I talked with Andrew Sherrard about his path to marketing and how T-Mobile's marketing team keeps up with innovative digital strategies and tools.
How do you keep up with new technologies and trends?
There's always something new happening, a new technology or way to reach customers. So, one, stay grounded in good principles of marketing. Focus on the customer and their needs. Two, really apply the principles of great positioning and be clear about the real benefit. Highlight something that will be relevant and meaningful for that person in that moment.
There's no doubt agility is important to us, but if you apply the principles and keep consistent with the brand, you can absolutely still have communications that ring true even when you're moving quickly.
Can you speak to how you view positioning T-Mobile in the industry and balancing that with some very large competitors?
We believe our positioning is really simple - we're here to change wireless for good. To change it permanently and for the better. We're going to listen to the customer and solve pain points that have been problematic for years - making it free to stream, making it easy to get out of contracts, getting rid of outrageous roaming fees. Our strategy is listen to the customer and be the advocate for the customer, and be on their side in this giant industry that provides one of the most important parts of their lives.
How do you have that core competency be a part of everything you do?
For the past year we've established a vision about where we want to go, and we want to be famous for marketing in the age of the empowered consumer. Our CEO [John Legere] epitomizes this, he's got over two million Twitter followers and engages with them. We've got to have agility as a core component, be constantly listening from all channels. We're lucky to have an incredible array of ways to hear from customers. And then it's acting all the time. Acting every day on what we learn, watching what happens, and adjusting it based on how consumers react to it. When I started at Clorox, a classic packaged goods brand marketer, we spent 80% of our time on planning. Today at T-Mobile, we spend 80% of our time optimizing the campaign and making adjustments based on that feedback. If you're going to be here you've got to have passion for the customer and the brand.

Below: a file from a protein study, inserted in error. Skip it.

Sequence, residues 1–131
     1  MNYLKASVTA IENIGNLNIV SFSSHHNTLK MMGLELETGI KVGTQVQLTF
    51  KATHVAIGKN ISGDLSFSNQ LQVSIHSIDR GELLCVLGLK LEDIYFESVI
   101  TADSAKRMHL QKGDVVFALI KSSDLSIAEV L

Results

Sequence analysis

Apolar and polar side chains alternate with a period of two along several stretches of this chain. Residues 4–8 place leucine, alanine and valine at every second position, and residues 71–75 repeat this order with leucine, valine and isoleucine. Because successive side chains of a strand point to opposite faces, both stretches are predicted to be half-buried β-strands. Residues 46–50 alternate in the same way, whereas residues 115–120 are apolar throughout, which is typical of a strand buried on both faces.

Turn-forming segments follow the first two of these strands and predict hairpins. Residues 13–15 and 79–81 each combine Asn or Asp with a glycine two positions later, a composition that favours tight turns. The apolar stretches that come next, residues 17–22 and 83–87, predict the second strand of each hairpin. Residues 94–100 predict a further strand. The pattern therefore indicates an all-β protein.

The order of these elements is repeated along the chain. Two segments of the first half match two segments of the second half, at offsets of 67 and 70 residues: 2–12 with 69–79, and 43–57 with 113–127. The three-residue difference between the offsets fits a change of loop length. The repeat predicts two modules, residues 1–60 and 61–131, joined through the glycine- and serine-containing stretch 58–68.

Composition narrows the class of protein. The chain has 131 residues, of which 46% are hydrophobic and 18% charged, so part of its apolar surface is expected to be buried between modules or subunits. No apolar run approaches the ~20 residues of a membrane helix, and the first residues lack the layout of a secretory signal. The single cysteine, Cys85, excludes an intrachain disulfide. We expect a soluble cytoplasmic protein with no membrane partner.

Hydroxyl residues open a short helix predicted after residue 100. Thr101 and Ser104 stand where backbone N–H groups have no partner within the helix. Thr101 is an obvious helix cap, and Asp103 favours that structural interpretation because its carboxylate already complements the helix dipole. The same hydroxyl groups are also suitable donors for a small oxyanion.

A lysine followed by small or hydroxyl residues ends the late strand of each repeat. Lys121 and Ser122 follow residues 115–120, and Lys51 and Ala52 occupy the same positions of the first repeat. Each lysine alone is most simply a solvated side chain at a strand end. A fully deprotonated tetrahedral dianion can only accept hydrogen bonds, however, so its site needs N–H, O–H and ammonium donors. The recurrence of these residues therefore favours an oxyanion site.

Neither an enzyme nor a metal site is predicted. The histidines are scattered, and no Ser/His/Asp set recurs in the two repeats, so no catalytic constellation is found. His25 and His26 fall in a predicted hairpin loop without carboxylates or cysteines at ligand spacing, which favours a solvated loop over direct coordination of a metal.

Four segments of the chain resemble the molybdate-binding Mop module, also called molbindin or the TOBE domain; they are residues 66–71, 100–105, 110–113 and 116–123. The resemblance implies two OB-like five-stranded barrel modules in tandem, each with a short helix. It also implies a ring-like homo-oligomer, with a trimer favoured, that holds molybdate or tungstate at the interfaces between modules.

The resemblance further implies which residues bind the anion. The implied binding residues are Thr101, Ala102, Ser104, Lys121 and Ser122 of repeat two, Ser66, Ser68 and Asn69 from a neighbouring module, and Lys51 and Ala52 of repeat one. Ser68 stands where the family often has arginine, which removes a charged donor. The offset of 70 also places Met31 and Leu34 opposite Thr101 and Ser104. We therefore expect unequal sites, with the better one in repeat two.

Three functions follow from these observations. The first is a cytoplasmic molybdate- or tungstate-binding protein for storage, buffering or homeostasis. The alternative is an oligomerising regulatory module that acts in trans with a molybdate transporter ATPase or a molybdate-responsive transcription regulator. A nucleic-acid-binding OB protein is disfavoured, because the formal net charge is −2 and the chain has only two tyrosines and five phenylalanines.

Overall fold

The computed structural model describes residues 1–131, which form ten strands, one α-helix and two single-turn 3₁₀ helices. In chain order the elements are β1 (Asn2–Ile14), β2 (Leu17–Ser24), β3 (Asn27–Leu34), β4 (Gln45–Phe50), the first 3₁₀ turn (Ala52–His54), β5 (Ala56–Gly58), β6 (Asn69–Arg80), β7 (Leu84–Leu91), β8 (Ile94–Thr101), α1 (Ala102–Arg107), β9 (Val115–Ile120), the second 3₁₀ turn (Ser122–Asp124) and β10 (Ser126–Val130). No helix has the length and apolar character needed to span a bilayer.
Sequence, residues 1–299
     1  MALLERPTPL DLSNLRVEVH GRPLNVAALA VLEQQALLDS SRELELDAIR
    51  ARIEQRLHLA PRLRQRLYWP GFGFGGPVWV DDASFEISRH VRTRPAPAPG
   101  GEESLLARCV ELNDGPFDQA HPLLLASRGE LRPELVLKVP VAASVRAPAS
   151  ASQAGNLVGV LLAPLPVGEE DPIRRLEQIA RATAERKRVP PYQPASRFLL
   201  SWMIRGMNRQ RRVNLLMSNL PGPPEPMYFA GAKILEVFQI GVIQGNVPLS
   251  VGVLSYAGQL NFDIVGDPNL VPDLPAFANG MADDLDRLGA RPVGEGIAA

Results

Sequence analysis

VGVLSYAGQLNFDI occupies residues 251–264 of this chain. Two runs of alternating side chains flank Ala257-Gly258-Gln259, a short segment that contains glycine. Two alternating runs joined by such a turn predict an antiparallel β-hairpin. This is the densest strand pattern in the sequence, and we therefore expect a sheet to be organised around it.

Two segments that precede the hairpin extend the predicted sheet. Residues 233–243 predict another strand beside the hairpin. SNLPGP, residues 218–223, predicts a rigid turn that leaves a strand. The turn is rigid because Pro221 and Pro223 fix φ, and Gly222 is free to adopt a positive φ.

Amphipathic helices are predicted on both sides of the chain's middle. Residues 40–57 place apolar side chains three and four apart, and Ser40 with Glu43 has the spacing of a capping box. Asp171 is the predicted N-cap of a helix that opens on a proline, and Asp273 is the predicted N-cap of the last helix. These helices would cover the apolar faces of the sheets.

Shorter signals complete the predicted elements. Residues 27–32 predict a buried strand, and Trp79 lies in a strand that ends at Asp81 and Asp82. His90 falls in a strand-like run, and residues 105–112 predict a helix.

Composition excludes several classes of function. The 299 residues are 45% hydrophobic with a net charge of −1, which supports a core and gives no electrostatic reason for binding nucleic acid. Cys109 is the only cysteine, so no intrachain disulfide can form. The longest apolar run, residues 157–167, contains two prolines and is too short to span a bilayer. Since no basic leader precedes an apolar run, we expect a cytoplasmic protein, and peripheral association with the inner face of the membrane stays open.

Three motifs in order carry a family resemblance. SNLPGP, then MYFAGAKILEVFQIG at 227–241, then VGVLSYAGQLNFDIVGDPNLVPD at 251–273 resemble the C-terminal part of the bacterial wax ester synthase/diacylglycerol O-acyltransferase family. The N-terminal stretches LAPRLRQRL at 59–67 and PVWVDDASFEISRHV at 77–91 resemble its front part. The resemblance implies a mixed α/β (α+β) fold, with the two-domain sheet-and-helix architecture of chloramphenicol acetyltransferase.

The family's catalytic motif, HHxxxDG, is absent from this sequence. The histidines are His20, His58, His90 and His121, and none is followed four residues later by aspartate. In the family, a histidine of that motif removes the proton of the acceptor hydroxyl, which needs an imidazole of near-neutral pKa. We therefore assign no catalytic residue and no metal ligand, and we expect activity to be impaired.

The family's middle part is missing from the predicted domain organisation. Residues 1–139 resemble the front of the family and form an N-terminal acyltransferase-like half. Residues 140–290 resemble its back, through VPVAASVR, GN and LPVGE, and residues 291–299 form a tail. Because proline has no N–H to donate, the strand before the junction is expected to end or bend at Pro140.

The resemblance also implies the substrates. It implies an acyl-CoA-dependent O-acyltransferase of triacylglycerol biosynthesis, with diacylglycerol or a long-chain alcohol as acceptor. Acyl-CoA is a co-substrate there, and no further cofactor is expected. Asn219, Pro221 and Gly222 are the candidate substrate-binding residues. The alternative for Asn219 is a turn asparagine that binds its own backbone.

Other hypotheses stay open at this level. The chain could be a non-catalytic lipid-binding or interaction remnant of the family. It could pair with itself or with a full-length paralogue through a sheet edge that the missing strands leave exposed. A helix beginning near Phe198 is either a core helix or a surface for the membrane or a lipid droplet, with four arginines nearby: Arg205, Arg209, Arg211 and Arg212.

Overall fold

What are the biggest challenges you see that brands face in the industry?
It's one of the of the most advertised industries in the country. These four brands are in the top advertisers across all industries. So, what it means is finding ways to be relevant and ways as an industry to talk to people when they want to be talked to and with the right messaging. It's about targeting and timing. It's finding the right ways to know when they're looking and give them good, valuable information. And finding ways to build engagement and loyalty over time by communicating effectively with the base.
What's something that really excites you moving forward?
When you think about our culture, it's that we have a vision people can believe in. That gets people passionate and excited; our customers, employees, and marketing team. That is a touchstone, that people find the mission powerful.
We do a lot of experimentation; we take risks and try new things. I am excited about experimenting and learning where we can be the best in a couple areas. One is the continued emergence of new ways to engage customers. We're doing a ton of Twitter with Periscope - that is a cool way to get direct feedback from customers. It's a pillar of our social campaigns, and you can tackle everything from a new product launch, to an issue on social, to what's happening competitively. We're also excited to do much better targeting, really understanding how people are deciding to come to T-Mobile. Targeting and attribution are places we're investing a lot into so we can understand what's working and what's not, and double down on what's working.
How did you get into marketing?
I got into marketing when I was on active duty for four years and got out and was looking at jobs. When you come out as a junior military officer, you are simultaneously qualified for all jobs and no jobs. You're a great leader and can handle a group of people, but you also don't know anything about business and technical areas. Any place looking for a leader, though, you can make an impact.
I really was drawn to marketing because it was this one place in the corporate world where you could touch everything, and I thought that was a cool opportunity and fit for me. I could try a lot of different things. Thirteen years ago I came here. I've done every job in marketing and loved it. There's never a dull day. I am constantly challenged and have to really think through how to attack them and be a good leader. Those skills came from West Point and the Army.
Was there anything that surprised you about marketing?
As I look back, I am surprised by how varied its been. I've had so many different experiences at T-Mobile, from running our integrated marketing team to being CMO now. It's amazing how much you can learn when you're willing to listen.
Andrew Sherrard is the CMO of T-Mobile. There, he leads a team to eliminate customer pain points and end outdated industry practices. He is a marketing leader with more than 20 years of experience.